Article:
The War in Ukraine and the Crisis of Multilateralism

Antonio Zanardi Landi is a seasoned Italian diplomat who presently holds the title of the Sovereign Order of Malta’s Ambassador to the Holy See, having also served as Diplomatic Counselor to Presidents Sergio Mattarella and Giorgio Napolitano as well as Italy’s ambassador to the Russian Federation, the Holy See, and Serbia and Montenegro.

Today’s geostrategic situation is changing rapidly and in unforeseen ways. The pandemic in 2020-2022 accelerated societal shifts already present at both national and international levels. These included the deepening of globalization and the seemingly endless advances in digital and information technology. It has been exacerbated by growing disparities in wealth and power among individuals in countries, among states within regions, and at the global level. The lack of sufficient coordination among China, the United States, Europe, and the developing world in tackling COVID-19 highlighted the dangers of ineffective international cooperation. This lacuna came at a time when everyone felt they were at risk. The absence of sufficient solidarity, transparency, generosity, and a common strategy in facing a great challenge was glaring.

The Russian invasion of Ukraine and the ensuing war further accelerated the geopolitical shifts that had been detectable for years. The magnitude of changes brought on by the war was unforeseen. As cruel and bloody as the war in Ukraine is, it is important to note that it is being fought in just one country and with limited conventional forces. The Russian forces amassed at the border with Ukraine at the end of 2021 amounted to between 180,000 and 200,000 soldiers, a comparatively very small expeditionary force if one considers that Ukraine is bigger than France. Just to provide an example, the Red Army and the German Wehrmacht that fought in the “Bulge of Kiev” battle in 1941 numbered in the millions. The Red Army alone suffered one million casualties and more than 600,000 Soviet soldiers were captured by the Germans.

From a geographical point of view, the present war, in which Ukrainians are bravely fighting with much support from the United States, some European countries and NATO, is what could be considered a “local” conflict. But there is no doubt that it is also a “global” war. One need only to consider the widespread repercussions it is having on countries very far from the two belligerents. The result has been a world increasingly divided into opposing blocs. Five years ago, Pope Francis was probably the first to detect what was happening, speaking of a “piecemeal” World War III already in motion.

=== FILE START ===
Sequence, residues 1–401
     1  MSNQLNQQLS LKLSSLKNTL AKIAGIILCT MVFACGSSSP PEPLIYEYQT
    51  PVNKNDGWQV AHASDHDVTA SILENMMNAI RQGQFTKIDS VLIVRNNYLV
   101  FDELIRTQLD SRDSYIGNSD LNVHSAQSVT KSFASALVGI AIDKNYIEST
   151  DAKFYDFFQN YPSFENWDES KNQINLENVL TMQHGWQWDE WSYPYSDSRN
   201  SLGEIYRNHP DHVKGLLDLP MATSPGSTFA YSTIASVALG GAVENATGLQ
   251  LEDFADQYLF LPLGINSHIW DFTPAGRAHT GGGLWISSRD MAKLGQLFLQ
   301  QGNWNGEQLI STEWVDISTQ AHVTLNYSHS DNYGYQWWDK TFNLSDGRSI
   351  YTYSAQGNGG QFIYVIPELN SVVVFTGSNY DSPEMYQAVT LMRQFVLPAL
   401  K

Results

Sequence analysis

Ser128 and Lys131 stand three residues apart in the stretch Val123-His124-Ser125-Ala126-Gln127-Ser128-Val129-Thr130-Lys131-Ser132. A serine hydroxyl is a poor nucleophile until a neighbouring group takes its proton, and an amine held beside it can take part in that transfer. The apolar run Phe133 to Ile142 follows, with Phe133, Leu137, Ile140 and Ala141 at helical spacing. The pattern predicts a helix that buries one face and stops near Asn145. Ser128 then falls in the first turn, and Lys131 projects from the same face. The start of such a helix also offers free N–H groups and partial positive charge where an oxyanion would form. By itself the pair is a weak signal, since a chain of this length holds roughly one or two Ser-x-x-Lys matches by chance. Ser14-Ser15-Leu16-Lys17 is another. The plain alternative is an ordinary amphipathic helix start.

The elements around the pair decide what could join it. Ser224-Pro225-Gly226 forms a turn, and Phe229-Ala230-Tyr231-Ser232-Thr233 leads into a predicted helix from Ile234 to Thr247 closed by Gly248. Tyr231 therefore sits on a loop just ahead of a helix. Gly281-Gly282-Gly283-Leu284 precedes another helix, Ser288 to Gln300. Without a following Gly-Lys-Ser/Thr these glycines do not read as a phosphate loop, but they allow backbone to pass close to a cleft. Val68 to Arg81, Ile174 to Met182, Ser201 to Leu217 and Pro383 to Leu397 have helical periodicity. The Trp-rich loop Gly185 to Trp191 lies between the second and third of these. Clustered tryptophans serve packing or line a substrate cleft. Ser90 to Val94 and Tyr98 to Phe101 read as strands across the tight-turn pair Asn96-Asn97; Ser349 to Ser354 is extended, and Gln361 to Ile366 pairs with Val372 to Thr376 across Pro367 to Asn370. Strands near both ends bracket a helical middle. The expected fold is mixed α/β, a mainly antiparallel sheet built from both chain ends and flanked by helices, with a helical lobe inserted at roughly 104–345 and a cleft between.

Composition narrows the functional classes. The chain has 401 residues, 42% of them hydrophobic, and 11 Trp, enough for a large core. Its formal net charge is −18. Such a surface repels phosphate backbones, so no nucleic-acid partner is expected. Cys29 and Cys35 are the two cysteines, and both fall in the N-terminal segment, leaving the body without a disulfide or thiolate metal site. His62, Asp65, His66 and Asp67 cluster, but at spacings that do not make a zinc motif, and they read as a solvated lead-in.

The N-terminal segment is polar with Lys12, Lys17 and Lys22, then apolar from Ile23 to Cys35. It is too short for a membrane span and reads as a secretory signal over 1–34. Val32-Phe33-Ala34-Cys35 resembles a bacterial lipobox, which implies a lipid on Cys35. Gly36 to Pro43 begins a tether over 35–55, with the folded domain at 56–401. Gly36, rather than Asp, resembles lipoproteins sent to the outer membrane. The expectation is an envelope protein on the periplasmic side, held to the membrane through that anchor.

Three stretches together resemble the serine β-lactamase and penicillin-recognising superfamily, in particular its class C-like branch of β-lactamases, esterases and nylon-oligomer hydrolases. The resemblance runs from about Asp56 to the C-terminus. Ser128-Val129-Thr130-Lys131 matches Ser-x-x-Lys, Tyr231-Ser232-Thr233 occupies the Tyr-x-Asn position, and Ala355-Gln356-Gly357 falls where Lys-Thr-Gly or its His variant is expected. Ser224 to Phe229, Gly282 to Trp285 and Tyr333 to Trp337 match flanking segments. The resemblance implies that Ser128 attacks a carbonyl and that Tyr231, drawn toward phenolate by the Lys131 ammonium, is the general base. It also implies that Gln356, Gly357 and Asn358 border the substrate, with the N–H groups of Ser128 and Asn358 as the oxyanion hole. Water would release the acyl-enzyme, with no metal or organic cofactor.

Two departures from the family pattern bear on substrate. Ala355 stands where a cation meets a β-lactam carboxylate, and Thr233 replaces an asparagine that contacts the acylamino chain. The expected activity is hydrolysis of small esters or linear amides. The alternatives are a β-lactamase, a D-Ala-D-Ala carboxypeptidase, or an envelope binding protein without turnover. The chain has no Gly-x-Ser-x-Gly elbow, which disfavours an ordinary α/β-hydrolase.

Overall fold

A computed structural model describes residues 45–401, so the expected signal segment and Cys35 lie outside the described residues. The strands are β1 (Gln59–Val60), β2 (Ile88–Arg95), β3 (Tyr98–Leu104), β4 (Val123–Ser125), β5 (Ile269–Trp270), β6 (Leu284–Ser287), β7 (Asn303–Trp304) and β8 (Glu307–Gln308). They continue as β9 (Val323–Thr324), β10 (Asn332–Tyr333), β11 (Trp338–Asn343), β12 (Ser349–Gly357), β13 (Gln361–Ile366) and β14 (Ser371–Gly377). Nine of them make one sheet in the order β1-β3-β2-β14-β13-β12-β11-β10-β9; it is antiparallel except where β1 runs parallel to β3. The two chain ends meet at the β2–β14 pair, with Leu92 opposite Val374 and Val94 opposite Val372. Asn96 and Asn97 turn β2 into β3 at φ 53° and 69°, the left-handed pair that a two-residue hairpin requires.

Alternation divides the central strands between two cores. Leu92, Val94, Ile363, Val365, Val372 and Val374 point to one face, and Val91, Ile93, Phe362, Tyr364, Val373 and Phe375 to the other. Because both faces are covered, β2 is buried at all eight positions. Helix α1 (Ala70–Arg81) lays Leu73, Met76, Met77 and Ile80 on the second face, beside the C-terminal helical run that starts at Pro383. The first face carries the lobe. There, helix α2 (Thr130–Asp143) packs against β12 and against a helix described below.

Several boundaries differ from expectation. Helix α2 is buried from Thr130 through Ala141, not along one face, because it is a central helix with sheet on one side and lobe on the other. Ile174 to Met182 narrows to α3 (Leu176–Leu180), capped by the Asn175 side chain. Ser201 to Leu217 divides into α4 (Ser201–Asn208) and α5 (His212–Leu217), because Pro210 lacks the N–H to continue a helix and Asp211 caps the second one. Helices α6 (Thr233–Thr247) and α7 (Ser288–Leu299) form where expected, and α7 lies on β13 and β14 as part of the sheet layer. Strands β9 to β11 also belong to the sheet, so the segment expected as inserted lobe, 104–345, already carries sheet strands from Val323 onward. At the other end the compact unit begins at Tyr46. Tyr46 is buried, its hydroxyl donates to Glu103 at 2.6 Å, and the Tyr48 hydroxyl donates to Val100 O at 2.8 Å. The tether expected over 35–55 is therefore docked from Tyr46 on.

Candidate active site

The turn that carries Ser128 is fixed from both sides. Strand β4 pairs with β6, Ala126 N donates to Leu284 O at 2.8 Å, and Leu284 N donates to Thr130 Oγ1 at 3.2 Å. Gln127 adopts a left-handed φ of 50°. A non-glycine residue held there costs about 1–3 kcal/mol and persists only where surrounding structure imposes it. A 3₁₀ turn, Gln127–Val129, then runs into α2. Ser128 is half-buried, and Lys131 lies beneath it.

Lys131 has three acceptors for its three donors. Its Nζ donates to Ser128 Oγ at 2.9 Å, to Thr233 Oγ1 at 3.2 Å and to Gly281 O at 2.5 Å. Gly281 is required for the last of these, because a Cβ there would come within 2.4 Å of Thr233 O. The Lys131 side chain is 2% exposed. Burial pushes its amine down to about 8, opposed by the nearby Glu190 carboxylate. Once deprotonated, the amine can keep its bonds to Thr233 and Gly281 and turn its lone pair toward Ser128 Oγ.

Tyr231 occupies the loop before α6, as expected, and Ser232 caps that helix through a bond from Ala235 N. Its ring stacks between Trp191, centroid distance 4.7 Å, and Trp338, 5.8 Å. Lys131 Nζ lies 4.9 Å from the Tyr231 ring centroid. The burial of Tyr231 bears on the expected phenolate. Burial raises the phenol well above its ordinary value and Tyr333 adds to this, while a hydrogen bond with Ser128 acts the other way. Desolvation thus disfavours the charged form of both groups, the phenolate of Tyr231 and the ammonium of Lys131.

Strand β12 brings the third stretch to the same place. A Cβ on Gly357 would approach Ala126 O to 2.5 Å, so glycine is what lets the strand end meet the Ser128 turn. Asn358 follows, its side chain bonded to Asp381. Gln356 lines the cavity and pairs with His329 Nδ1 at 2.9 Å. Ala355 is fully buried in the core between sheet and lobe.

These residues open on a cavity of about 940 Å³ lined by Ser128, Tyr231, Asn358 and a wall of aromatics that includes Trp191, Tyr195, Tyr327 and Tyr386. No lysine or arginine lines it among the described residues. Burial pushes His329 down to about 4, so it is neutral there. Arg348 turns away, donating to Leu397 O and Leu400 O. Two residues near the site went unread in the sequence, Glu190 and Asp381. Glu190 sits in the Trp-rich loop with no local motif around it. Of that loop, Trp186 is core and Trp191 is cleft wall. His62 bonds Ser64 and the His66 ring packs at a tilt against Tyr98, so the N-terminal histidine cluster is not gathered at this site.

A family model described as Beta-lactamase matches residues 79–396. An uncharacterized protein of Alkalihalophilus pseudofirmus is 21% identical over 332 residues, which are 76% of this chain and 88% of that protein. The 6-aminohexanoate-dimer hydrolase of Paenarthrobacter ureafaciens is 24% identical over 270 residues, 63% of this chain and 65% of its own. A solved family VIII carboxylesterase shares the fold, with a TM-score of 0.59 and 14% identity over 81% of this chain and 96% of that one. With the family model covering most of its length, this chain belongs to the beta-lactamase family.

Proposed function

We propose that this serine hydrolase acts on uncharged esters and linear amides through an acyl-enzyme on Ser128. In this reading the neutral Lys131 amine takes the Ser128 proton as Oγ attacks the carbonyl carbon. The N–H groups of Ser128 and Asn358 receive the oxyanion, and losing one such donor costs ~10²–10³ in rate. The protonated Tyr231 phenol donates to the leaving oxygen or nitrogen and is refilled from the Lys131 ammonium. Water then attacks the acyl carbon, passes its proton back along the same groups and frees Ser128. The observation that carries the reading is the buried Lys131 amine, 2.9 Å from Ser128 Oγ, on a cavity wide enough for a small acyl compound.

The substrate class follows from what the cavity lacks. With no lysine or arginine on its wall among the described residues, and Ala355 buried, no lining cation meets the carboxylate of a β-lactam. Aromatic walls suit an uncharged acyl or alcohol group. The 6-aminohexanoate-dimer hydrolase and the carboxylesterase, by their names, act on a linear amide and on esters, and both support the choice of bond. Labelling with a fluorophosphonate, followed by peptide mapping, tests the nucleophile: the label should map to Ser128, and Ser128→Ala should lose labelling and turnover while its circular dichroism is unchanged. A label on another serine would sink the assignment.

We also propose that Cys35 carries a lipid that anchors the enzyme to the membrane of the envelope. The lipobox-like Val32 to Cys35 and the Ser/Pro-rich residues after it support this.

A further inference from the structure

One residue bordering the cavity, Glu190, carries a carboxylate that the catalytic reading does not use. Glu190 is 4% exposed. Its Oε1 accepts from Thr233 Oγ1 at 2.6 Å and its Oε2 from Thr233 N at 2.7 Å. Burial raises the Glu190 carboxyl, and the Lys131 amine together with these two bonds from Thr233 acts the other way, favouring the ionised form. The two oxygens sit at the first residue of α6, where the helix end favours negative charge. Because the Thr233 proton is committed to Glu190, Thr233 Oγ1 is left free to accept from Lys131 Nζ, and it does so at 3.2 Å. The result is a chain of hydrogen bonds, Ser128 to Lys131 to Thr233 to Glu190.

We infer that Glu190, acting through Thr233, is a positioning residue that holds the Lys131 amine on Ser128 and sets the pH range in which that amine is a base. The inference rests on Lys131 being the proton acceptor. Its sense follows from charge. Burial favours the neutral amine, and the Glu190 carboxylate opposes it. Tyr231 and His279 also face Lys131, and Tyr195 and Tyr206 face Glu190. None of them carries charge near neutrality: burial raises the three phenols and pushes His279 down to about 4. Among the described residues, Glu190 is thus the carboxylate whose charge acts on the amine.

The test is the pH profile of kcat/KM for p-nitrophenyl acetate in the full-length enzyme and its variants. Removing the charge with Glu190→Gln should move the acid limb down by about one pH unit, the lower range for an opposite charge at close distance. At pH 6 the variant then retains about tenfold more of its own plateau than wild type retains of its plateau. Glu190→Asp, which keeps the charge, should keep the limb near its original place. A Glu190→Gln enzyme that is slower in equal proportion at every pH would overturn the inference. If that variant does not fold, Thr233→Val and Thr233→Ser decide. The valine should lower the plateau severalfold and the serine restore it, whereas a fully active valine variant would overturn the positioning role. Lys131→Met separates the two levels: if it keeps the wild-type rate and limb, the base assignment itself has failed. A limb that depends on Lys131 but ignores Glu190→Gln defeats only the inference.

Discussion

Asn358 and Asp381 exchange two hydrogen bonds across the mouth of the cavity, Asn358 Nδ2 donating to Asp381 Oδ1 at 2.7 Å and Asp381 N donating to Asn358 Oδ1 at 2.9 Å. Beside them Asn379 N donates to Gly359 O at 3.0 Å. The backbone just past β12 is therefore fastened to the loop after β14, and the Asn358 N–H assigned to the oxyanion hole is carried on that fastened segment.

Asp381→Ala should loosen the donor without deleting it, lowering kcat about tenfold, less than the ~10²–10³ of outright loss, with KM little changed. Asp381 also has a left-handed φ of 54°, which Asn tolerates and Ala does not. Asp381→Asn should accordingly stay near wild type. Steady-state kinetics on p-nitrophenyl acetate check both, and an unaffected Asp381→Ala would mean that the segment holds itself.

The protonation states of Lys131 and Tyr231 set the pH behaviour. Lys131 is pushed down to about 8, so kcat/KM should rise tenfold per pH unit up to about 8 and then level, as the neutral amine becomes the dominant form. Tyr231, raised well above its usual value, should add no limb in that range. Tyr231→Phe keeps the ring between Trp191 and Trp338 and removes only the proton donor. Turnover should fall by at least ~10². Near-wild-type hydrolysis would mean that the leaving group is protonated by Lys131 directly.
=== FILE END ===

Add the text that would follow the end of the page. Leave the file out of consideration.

The consequences of a local-cum-global conflict in a European country are having a profound impact on the world’s equilibrium, on the United Nations, and on all multilateral institutions. In the second part of the twentieth century these same institutions enjoyed a prominent role in global governance and, with some exceptions, in keeping the peace. Today, we can observe a shifting balance of power and growing uncertainty, serving up some opportunities, but mostly challenges for countries. A macroscopic phenomenon has become strikingly evident, namely a deep crisis in the type of multilateralism that we have known for the last 75 years.

The UN system is often blocked by profound disagreements among permanent members of the Security Council, causing a ripple effect of great repercussions on all the other institutions and agencies in the UN galaxy. Moreover, almost all international organizations are experiencing a period of crisis that is causing various degrees of paralysis, affecting their ability to carry out their mission. This is also examined more closely in the paragraphs that follow.


Troubled Multilateralism
Today’s poor state of multilateral cooperation is a result of many factors, the main one being that the composition of governing bodies of major international organizations no longer reflects the equilibrium that existed at the end of World War II. The five permanent members of the UN Security Council are no longer the great powers that defeated the Nazi and Fascist dictatorships, and which paid the highest price in terms of loss of human lives and enormous financial cost. At the time, they were naturally entitled to the most relevant positions in the UN system. Today, Britain no longer has an empire. France has lost its colonies and is rapidly losing influence in Africa. The Soviet Union as we knew it is gone. Only the United States has been able to preserve its post-World War II position as the strongest and most effective of the world’s great powers. Meanwhile, China has made enormous progress, becoming the first trading partner of many countries. After World War II, the Permanent Five, as they are called, were the only countries which had nuclear capabilities. The subsequent addition of India, Pakistan, Israel, and North Korea has greatly complicated the nuclear balance. Global wealth distribution has been changing and the West’s share of GDP and world trade has been shrinking significantly compared to the rapid growth of China and the Far East.